Dielectric withstand, input to frame/ground: 1800VAC, 1sec.
Dielectric withstand, input to output: 1800VAC, 1sec.
Ripple/noise: 1%
MTBF, full load @ 25°C amb.: >100k hrs

Demonstrated here is why power supplies fail. They don't
fail due to too much load. Load only kills supplies that
don't even claim to provide these specification - a failure
directly traceable to the human. BTW, many if not most clone
computer power supplies (including one seen in CompUSA) don't
even claim to meet these specs. With so many 'expert'
computer assemblers in America that don't even have basic
electrical knowledge (who make decisions only on price), then
N America has become a fertile market for dumping inferior
supplies. That is more often why power supplies fail. The
'bean counter' mentality who calls himself computer literate.

A power supply damaged by load is a failure directly
traceable to that technically naive 'bean counter' human who
bought the supply. Minimally acceptable power supplies are
not damaged by load.

DaveW wrote:
> Many so-called "400 watt" power supplies that are not high
> quality brands put out no where near 400 watts into real world
> loads. You didn't describe what components you have hooked up
> to the power supply in your computer, but its possible that you
> are still straining the power supply and thus burning it out.
> And as a recommendation I would highly suggest an Antec
> power supply.
Anonymous
a b B Homebuilt system
May 10, 2004 3:44:56 PM

Archived from groups: alt.comp.hardware.pc-homebuilt (More info?)

Any protectors that is good for one hit did not even protect
during that hit. Grossly undersized protectors sell to so
many technically ignorant by undersizing the protector. Power
supplies (must) have internal protection. Protection so good
that a small spike cannot damage a computer supply BUT will
damage the grossly undersized protector. Then the naive say
the protector sacrificed itself to protect from a destructive
surge. Myths promoted.

The effective protector costs about $1 per protected
appliance. That plug-in protector or the UPS (which has the
same protector circuit as a power strip) cost what - $15, $50,
or $70 per protected appliance. That is tens of times more
money for something that does not even claim to protect
protection from the type of surge that typically damages.
Read their numerical spec. They don't even discuss the
different type of surges nor really make any numerical claim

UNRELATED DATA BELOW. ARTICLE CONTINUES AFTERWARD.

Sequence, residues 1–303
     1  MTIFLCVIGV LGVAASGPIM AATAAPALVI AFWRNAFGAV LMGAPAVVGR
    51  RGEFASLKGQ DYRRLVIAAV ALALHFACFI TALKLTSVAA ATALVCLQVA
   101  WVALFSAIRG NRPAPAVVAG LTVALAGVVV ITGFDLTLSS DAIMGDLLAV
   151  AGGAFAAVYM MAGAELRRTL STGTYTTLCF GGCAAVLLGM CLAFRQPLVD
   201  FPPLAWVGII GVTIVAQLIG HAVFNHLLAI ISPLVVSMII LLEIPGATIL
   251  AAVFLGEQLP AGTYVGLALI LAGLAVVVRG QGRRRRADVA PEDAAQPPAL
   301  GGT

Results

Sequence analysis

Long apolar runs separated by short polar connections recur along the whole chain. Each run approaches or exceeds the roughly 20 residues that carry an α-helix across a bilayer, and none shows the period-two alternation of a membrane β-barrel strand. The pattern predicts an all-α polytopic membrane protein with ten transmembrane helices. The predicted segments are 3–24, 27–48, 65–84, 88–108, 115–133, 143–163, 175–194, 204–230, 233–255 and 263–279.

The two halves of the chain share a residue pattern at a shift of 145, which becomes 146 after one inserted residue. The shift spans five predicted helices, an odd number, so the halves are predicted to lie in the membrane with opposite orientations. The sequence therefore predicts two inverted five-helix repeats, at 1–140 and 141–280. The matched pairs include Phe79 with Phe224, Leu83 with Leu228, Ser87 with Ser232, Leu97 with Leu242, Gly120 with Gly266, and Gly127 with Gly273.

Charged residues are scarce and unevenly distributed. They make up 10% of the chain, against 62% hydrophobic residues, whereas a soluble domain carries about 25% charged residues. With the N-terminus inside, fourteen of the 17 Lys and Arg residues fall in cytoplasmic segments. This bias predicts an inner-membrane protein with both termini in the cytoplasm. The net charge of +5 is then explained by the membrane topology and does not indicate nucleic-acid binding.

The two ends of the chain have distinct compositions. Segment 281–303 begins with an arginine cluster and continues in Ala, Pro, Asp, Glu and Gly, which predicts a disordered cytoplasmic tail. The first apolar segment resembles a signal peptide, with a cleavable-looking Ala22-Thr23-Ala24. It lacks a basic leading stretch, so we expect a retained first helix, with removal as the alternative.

of protection. They only say enough for the technically naive
to *assume* protection from all types of surges exists.

Need effective protection? The primary protector is
provided by the utility. But you may need to inspect it:
http://www.tvtower.com/fpl.html
And rules for earthing:
http://www.tvtower.com/grounding_and_bonding.html

The secondary protector is installed by the homeowner
because we still don't build new homes as if the transistor
exists. Its called a 'whole house' protector and is also
defined by its connection to a single point earth ground:
"RJ-11 line protection?" on 31 Dec 2003 in pdx.computing at
http://tinyurl.com/2hl53 and
"Opinions on Surge Protectors?" on 7 Jul 2003 in the
newsgroup alt.certification.a-plus at
http://tinyurl.com/l3m9

Any protector that is minimally effective remains fully
functional after the direct lightning strike. But most
important is what a protector does. Those plug-in protectors
and UPSes do not even provide a numerical specification that
says they provide effective protection. Look at their specs.
But one need not even read to see why they are not effective.
Where is the dedicated 'less than 10 foot' connection to
central earth ground? No earth ground means no effective
protection. Earthing is why 'whole house' protectors have
been so effective since before WWII. The protector is only as
effective as its earth ground.


"R. Asby Dragon" wrote:
> "AlanW" <awoods@postmaster.co.uk> wrote in message
> news:4c3b0a7.0405090925.753479f8@posting.google.com...
>> Have you considered voltage spikes from your house supply? Try
>> one of those spike protector gizmos.
> > Cheers
> > Al
>
> Screw that idea; most of them are only good for "one hit" .
>
> Go with a good UPS (Uninteruptable Power Supply)
>
> I don't put a machine online without it in this house . I work for
> a power utiliity--- not the one who supplies my 'juice' at home
> unfortunately ....
>
> I've got 4 of them; adding a couple more. It's cheap for me; I'm
> a tech and know where to buy good batteries cheap.
!